Erin M. Collins, National Taxpayer Advocate
“This filing season has probably been as close to normal as possible,” she said, speaking at the American Institute of Certified Public Accountants’ annual conference, held June 3-6 in Las Vegas.
However, despite customer service boosts, the agency is still working through a sizable backlog — including amended returns, filings in suspense and other correspondence, she said.
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Collins heads the Taxpayer Advocate Service, an independent organization within the IRS that provides one-on-one guidance and works for systemic changes. The national taxpayer advocate leads about 80 nationwide offices for struggling filers, consults within the IRS, reports annually to Congress on the agency’s biggest problems and presents legislative proposals.
Collins said the IRS is currently juggling 3.7 million amended returns, 6.8 million “in suspense” with missing information and 5.3 million pieces of correspondence. “Those are pretty big numbers that the IRS is still dealing with,” she said.
This season, the agency has prioritized phone service and answered more than 85% of calls from key phone lines in less than five minutes.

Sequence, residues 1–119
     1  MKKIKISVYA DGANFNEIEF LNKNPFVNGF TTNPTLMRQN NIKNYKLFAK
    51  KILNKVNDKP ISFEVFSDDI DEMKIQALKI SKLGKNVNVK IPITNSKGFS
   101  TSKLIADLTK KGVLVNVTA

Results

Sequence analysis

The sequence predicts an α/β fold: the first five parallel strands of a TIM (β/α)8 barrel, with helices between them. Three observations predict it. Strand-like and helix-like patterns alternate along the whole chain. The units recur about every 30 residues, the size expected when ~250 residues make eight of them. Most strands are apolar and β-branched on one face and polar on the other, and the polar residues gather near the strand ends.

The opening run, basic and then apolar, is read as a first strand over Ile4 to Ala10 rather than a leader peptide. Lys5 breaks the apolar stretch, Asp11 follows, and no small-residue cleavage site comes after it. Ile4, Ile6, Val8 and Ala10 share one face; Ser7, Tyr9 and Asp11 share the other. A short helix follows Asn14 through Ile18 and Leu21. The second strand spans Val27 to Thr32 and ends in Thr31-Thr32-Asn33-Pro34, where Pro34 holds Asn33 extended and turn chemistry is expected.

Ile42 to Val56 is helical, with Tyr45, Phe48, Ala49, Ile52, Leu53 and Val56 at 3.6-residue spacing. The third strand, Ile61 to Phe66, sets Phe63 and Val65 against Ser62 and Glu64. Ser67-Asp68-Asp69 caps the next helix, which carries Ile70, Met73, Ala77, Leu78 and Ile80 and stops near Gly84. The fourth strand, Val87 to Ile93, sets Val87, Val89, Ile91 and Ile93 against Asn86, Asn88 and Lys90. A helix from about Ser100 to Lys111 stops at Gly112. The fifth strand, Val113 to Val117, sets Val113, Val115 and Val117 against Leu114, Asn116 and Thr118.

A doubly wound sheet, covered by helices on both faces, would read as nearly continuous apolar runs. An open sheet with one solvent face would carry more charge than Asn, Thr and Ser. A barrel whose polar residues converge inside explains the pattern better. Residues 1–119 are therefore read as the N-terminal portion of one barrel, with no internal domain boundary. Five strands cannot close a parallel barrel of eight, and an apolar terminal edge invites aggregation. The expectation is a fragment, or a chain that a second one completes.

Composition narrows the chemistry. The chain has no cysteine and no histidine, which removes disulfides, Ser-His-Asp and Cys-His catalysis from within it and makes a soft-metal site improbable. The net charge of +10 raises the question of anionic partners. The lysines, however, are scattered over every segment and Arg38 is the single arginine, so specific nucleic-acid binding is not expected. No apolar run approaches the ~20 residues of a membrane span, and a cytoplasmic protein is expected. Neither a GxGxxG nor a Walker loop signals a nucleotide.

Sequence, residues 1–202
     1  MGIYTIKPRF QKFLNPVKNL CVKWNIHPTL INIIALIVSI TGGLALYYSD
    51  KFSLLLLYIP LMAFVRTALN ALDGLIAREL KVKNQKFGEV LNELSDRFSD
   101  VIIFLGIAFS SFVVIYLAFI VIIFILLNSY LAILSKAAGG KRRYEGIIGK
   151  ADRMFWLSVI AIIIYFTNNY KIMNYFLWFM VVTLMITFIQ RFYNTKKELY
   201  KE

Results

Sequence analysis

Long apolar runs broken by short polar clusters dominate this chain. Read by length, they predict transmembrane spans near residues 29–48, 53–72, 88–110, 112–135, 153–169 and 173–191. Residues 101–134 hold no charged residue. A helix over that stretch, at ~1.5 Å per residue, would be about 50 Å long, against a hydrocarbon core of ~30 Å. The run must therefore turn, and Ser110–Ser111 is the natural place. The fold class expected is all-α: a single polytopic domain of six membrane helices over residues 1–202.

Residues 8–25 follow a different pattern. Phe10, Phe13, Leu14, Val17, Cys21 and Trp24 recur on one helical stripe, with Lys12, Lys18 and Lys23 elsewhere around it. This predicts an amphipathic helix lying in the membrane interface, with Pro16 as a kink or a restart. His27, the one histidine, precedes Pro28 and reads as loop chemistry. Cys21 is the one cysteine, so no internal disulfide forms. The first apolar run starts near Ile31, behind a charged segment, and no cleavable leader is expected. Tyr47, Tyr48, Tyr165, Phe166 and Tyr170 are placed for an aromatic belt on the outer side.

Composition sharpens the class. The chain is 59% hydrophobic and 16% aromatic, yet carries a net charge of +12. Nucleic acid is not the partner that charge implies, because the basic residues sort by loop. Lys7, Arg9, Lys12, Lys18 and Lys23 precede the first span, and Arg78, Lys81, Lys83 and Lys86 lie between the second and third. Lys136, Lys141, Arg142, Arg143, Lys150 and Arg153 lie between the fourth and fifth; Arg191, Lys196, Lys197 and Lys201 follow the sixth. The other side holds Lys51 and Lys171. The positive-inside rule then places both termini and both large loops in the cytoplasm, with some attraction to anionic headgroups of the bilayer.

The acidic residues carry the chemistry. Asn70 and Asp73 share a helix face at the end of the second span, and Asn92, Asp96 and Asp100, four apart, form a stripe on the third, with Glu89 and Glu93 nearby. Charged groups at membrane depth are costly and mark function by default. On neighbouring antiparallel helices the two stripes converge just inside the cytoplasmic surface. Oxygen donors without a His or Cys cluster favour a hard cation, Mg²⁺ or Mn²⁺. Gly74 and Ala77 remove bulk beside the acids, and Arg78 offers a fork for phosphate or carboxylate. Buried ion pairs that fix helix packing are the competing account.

“But it did come at a cost,” Collins said, because phone assistors process paper returns during downtime from answering calls. “The problem is, we are now back to a backlog of paper correspondence and amended returns, similar to where we were a year ago,” she said.
Concerns about direct filing system testing
Collins also expressed concerns about the agency’s plans for new programs amid the current backlog.
In May, the IRS announced testing for a free online direct filing system, with a pilot program launching for some taxpayers during the 2024 filing season.
Nearly three-quarters of taxpayers expressed interest in a free IRS-provided filing system, according to a 2022 survey cited in the agency’s feasibility report.
We cannot go into the next filing season with another backlog.
National Taxpayer Advocate
Collins said that while she believes the IRS has the technical capability to implement direct filing, she worries about the timing. “IRS still is not out of the hole that they have dug,” she told CNBC.
“We cannot go into the next filing season with another backlog,” she said. “We need to eliminate that word from the IRS’ vocabulary.”
“No more backlogs,” she added.
Collins also pointed to state tax challenges, especially for more than 40 states that rely on federal returns for residents’ state filings. If you decouple those returns, it could cause issues for state tax administration, she said.